There is new technology here in the valley to better detect breast health problems. Action News anchor Beth Fisher explains, it may already be saving lives.
Jessica Smith has been worried about a lump in her breast for quite some time. But she's been waiting for new 3D technology to some to Steinberg Diagnostics to have it checked out.
"I have two children, a great husband. I want to be there for my kids future and our future," said Jessica.
Jessica's aunt had breast cancer at age 40, so Jessica doesn't want to mess around. She was one of the first patients to get a 3D mammogram with these new machines made by GE. It's technology Steinberg waited to get.
"On the internet it's saying 3D is higher radiation, but that's not true for all equipment, especially GE it's lower. It's actually the same radiation as you would do a regular 2D mammography," explained Robin Bryant, breast and diagnostic radiologist.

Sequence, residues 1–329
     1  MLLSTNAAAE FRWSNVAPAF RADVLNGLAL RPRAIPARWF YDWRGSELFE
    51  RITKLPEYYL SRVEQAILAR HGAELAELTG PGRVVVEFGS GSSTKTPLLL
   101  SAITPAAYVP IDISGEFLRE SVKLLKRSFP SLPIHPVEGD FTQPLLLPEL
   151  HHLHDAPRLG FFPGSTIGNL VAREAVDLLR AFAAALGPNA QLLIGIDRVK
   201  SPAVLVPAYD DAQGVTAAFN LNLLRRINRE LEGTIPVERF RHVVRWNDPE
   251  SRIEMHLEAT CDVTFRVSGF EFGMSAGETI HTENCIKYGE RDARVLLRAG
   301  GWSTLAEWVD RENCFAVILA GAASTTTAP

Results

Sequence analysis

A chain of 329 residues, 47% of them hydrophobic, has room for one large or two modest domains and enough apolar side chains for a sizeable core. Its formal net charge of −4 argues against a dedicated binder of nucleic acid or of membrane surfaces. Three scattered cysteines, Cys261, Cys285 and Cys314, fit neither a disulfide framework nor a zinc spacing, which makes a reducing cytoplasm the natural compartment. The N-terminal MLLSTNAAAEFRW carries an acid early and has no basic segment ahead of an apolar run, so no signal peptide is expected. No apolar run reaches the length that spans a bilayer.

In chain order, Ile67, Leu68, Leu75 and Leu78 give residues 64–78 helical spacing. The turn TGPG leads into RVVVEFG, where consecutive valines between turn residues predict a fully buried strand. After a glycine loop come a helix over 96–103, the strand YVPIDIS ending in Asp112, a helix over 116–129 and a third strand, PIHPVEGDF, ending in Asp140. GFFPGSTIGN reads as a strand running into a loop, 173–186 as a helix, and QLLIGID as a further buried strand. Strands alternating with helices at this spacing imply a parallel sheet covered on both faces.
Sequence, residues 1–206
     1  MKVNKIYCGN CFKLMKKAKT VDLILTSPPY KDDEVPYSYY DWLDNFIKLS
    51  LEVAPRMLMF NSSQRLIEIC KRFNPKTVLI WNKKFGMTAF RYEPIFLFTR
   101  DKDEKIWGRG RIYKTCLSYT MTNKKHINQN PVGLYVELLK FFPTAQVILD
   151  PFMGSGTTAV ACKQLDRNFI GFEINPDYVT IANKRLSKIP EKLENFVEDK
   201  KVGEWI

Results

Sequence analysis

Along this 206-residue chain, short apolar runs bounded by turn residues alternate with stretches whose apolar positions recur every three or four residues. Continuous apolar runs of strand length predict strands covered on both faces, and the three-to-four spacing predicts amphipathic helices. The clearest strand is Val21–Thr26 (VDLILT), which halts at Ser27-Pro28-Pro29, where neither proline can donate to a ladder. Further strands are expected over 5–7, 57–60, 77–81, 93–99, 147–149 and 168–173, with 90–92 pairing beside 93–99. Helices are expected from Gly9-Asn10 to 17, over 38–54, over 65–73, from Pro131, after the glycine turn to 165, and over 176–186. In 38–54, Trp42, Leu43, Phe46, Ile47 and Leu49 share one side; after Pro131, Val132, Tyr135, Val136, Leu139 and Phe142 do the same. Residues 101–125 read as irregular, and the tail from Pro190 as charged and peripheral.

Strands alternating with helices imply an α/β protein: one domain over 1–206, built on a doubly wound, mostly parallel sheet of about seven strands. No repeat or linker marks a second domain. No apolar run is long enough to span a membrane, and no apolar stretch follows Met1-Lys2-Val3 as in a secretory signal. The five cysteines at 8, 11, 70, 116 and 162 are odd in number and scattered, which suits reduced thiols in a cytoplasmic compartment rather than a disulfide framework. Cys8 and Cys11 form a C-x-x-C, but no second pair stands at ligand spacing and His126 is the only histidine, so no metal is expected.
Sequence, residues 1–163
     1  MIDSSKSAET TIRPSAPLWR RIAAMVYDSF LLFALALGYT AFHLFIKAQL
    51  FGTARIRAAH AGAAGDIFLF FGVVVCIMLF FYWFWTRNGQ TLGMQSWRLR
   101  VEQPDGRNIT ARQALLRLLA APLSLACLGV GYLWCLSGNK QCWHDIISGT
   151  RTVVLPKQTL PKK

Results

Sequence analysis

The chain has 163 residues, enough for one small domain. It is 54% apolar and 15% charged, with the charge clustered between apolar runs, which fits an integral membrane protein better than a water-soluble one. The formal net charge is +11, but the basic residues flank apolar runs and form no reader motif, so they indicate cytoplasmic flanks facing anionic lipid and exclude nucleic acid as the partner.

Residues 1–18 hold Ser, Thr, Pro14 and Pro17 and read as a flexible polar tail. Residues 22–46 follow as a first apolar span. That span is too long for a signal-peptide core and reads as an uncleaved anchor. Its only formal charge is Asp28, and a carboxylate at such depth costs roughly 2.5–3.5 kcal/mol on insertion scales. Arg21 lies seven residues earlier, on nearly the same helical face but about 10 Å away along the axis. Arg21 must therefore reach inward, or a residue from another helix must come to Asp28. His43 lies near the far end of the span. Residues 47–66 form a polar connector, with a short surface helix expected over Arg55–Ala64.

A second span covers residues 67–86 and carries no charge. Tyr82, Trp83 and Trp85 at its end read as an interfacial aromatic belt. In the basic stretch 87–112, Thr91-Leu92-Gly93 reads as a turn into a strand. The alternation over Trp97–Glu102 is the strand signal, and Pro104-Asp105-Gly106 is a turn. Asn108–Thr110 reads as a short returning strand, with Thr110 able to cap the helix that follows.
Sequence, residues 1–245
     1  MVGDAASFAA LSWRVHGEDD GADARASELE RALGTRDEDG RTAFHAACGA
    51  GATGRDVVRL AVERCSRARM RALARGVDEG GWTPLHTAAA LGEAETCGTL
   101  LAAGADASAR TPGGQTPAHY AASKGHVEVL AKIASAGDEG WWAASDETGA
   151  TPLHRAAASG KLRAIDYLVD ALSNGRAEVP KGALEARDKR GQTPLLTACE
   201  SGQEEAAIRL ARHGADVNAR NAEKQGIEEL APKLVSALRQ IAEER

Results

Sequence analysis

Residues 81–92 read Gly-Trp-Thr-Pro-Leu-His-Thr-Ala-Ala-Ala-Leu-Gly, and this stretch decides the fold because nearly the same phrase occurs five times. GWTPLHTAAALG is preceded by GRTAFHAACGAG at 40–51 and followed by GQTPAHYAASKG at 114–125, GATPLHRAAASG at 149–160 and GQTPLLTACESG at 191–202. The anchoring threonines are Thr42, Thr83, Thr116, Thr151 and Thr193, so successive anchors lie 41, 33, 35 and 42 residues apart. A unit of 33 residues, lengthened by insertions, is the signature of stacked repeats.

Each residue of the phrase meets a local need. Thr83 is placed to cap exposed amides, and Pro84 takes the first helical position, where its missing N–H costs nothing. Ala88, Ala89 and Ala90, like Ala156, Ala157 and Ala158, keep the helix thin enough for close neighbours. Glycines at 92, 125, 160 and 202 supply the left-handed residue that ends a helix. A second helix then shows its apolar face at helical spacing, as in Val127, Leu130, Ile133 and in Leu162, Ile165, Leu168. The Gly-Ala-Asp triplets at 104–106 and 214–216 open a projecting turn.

It's the same radiation, but far superior pictures.
"I'm not going to lie, I'm extremely nervous. But it could save your life." But what Jessica didn't expect is that it could be her life that was saved. On this day the 3D mammogram identified a problem hidden by traditional 2D images.
The radiologist explained "Here she was, 35. But she felt this last year and she was worried enough even though she said my husband thought I was crazy, everybody thinks I'm crazy. But she believed in what she felt. She knew her body and she knew there was something there."
With the help of her doctors, Jessica will need to decide whether to have a biopsy, that would be the next step. But as frightening as that may be, at least she knows.
"I love her very much. We have a family together. I want to make sure she's taken care of and healthy," Mike Smith, Jessica's Husband added.